In every life we have some trouble, but when you worry you make it double. Don't worry. Be happy.
Send that Bobby McFerrin novelty number out to News-3, given that their 2009 headaches -- an embattled newsroom in gradual turnaround, vanishing anchors, a budget on a strict diet and Jay Leno lead-in ratings headed in a direction only desirable in golf and darts -- needed a crowning migraine.
Cue the Media Story of the Moment: Comcast, the nation's biggest-baddest-boldest cable operator, last week sealed a deal to purchase controlling interest (51 percent to GE's 49 percent) of NBC Universal, positioning them to swallow up the NBC network like Jonah sliding down the whale's gullet. That leaves the guppies -- i.e., network affiliates such as Channel 3 -- wondering whether there will still be a tiny pond to splash around in somewhere in the vast Comcast ocean of cable, telephone and Internet services.
Though regulatory approval of the titan's takeover probably is a year away, industry gossips are buzzing like a beehive over whether Comcast might turn a storied network -- now a last-place laggard -- into a cable channel, endangering affiliates that may wind up expendable.
Anxiety, anyone? "Yes," says GM Lisa Howfield. "I need to be told what it means for me because I don't have a sense of it yet. They tell us affiliates are still going to be important to them. It's in a wait-and-see mode until they make changes that would send out a red flag."
Even if the company retains broadcast operations and affiliates, another Comcast conundrum arises. "I have a relationship with Cox Cable and now my affiliation is owned by one of their competitors," Howfield points out. "What if Cox said, 'Hey, you're a Comcast channel, I'm not carrying you'? Comcast and Cox have gone to court over different channels. That would be really odd."
Despite nationwide dominance, Comcast has no Vegas presence, but that's no guarantee of peace in the cable kingdom. Cox could drop-kick a Comcast station off its channel lineup just on principle.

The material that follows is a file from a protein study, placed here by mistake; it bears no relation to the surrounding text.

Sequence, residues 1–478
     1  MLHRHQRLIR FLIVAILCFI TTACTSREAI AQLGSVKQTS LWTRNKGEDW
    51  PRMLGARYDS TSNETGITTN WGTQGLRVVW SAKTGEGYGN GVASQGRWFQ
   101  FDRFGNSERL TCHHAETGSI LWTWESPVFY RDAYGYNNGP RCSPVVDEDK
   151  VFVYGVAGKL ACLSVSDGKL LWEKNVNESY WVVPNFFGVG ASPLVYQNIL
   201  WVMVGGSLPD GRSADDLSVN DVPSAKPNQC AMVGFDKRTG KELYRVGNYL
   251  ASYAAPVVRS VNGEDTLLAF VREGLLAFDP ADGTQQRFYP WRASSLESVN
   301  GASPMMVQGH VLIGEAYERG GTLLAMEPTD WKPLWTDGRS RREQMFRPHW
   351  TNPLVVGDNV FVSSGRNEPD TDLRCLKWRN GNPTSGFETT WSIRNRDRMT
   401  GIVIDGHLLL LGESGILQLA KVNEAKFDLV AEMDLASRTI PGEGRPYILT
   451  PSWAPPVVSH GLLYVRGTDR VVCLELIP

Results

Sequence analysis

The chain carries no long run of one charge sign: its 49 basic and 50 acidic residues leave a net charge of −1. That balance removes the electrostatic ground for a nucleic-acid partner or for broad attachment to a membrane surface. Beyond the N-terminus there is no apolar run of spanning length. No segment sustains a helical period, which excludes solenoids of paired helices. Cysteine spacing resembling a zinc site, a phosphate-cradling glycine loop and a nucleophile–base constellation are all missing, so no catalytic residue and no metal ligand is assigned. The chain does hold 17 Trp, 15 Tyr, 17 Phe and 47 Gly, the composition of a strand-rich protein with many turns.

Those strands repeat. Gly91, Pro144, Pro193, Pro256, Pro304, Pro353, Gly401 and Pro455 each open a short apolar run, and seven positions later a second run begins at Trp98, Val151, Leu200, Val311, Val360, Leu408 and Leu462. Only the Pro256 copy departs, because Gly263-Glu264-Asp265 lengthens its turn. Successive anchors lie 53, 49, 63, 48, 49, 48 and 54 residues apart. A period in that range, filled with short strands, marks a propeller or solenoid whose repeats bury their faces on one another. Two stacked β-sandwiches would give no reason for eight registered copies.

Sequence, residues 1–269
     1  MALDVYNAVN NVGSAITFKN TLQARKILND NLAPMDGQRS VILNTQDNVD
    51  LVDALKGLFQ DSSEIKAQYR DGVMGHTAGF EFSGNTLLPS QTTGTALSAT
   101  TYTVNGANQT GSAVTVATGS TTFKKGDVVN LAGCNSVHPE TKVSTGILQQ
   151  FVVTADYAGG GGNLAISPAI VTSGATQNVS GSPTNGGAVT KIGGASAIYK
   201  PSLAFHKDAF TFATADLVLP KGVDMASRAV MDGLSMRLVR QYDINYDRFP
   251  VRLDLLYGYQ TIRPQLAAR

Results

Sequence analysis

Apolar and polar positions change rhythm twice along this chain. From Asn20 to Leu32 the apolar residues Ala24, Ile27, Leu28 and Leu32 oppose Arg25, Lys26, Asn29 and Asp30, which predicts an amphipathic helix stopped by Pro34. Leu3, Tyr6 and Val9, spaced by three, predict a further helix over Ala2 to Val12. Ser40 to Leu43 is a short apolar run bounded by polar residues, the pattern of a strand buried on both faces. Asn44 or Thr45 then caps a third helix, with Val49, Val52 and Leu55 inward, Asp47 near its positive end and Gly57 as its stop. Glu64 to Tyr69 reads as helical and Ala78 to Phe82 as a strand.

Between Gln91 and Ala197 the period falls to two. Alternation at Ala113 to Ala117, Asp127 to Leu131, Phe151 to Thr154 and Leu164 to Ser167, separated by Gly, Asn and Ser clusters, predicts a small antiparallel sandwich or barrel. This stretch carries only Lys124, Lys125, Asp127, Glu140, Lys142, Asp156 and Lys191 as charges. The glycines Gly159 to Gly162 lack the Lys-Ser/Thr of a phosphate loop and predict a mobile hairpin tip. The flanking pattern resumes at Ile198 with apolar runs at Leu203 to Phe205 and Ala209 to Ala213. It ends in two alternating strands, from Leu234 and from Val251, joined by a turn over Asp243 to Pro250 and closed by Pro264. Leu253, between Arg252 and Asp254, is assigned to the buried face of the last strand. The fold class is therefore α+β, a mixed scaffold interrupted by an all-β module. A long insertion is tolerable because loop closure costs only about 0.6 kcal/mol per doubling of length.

Cox Cable in Las Vegas referred queries to its Atlanta headquarters, where a spokesman said the company won't comment yet on any aspects of the Comcast deal. "We do a lot of things together and I hope this won't change anything," Howfield says.
Yet News-3 has upside indicators elsewhere.
Leno's Little Bighorn lead-in, while dragging its 11 p.m. news down in year-to-year ratings, didn't prevent News-3 from protecting its second-place finish. And after tacking on another half-hour of "Wake Up with the Wagners" and re-entering the 10 p.m. news arena on KTUD, News-3 re-expands the noon news to an hour in January, evicting infomercials that disrupted its daytime flow.
Small pluses, perhaps -- doodling around the margins. But bolder gambits are likely. As the year wraps on a Comcast question mark that'll haunt the station and sister affiliates for at least another year, Channel 3 walks out of 2009 undeniably battle-scarred, but into 2010 surprisingly battle-ready.
Sing, News-3: When you worry your face will frown and that will bring everybody down. Don't worry. Be happy.
Contact reporter Steve Bornfeld at email@example.com or 702-383-0256.